Jeremy Walker

Software Developer & Social Entrepreneur

Rails' update_attribute is deprecated from 3.2.7

The difference between update_attribute and update_attributes has confused new Rails developers for a long time. The key difference was that update_attribute did not run validations, where as update_attributes did.

As of Rails 3.2.7, update_attribute no longer exists in master and is deprecated in Rails 3. Xavier Noria provided a bit of history on this in a Rails Core group thread on the issue, which I found interesting.

So, to summarise:

  • If you use update_attribute provided, change to update_column.
  • If you use update_attributes, you can carry on as normal.

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Robert Reiz

Good to know. I am using "update_attributes" in VersionEye. What is the equivalent for that? "update_columns"? Or should I use "update_column" multiple times for each column? That would be not so cool.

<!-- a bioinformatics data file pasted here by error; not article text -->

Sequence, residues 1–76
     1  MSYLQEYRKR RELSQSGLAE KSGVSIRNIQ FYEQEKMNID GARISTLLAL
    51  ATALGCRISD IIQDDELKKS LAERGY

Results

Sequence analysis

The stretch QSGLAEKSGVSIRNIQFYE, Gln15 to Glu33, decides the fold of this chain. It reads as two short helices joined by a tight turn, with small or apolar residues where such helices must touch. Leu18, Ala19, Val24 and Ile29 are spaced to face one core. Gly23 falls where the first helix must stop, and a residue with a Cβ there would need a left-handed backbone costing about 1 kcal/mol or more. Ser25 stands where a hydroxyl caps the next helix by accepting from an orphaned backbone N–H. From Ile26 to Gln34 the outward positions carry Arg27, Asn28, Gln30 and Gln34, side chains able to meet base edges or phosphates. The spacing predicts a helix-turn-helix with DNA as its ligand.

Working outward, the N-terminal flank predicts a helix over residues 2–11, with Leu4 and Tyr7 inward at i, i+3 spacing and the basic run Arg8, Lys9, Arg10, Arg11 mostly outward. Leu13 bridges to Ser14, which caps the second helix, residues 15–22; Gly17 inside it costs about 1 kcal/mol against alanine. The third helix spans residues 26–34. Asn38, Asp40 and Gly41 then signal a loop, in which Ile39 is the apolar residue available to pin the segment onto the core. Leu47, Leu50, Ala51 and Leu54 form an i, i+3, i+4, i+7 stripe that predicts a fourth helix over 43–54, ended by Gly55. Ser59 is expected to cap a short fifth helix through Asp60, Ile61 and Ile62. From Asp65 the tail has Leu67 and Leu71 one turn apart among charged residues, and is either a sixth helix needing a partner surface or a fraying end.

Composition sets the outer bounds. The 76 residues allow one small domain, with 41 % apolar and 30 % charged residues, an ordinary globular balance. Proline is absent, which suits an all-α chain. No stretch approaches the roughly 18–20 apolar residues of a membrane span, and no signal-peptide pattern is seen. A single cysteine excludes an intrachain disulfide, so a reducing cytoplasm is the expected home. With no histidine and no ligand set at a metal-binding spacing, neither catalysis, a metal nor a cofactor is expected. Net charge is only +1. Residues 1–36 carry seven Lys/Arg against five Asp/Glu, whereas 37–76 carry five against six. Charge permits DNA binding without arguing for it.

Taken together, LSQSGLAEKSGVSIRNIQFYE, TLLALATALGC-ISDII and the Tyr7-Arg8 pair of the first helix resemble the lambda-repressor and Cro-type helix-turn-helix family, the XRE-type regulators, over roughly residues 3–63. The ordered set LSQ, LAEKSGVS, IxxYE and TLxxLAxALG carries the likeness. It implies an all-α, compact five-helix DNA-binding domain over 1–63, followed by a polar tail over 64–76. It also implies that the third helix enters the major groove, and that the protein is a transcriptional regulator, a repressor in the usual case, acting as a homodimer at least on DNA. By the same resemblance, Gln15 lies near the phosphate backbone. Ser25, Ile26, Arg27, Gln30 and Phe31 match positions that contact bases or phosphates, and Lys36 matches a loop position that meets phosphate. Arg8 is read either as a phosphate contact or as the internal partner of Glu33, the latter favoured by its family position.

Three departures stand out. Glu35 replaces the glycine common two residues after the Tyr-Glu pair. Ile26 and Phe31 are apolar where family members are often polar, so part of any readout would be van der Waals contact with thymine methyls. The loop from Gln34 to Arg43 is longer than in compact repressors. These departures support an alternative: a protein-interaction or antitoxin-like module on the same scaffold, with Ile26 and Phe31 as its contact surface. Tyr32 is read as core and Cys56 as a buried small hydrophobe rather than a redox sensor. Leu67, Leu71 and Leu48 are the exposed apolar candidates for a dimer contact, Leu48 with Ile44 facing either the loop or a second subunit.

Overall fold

Jeremy Walker

Robert - update_attributes will stay as it is. It's only update_attribute that's been removed :)


Grammar Nazi

Deprecated. Deprecated. Deprecated.



Not sure yet why update_attribute is deprecated. update_column does not perform callbacks including updating the timestamp as update_attribute does. Does anyone have a recommendation for a one-liner, fast executing code to accomplish the same functionality?




So, one replaces one confusing method with another one? ActiveRecord should abstract the connection between physical and logical representation, in my eyes. Therefore, the notion or exposal of column confuses me in an ActiveRecord model. Not to mention, both functions behave differently. update_attribute could be called on a new record, update_column can't.

Not defending update_attribute here, just suggesting the solution might not have been the perfect one, at least in my opinion.

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